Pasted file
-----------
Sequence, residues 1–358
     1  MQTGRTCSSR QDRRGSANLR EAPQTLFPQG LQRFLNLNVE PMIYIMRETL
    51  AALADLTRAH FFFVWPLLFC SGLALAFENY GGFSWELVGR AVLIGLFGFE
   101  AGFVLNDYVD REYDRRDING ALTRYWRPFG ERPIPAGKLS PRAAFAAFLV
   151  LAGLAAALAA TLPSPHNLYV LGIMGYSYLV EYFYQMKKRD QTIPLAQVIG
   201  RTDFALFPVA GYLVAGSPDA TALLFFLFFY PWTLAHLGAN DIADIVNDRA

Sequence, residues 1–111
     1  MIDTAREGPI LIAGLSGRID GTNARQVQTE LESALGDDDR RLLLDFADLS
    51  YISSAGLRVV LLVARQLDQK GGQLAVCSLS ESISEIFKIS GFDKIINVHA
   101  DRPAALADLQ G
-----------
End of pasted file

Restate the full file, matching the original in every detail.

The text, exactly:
Sequence, residues 1–358
     1  MQTGRTCSSR QDRRGSANLR EAPQTLFPQG LQRFLNLNVE PMIYIMRETL
    51  AALADLTRAH FFFVWPLLFC SGLALAFENY GGFSWELVGR AVLIGLFGFE
   101  AGFVLNDYVD REYDRRDING ALTRYWRPFG ERPIPAGKLS PRAAFAAFLV
   151  LAGLAAALAA TLPSPHNLYV LGIMGYSYLV EYFYQMKKRD QTIPLAQVIG
   201  RTDFALFPVA GYLVAGSPDA TALLFFLFFY PWTLAHLGAN DIADIVNDRA

Sequence, residues 1–111
     1  MIDTAREGPI LIAGLSGRID GTNARQVQTE LESALGDDDR RLLLDFADLS
    51  YISSAGLRVV LLVARQLDQK GGQLAVCSLS ESISEIFKIS GFDKIINVHA
   101  DRPAALADLQ G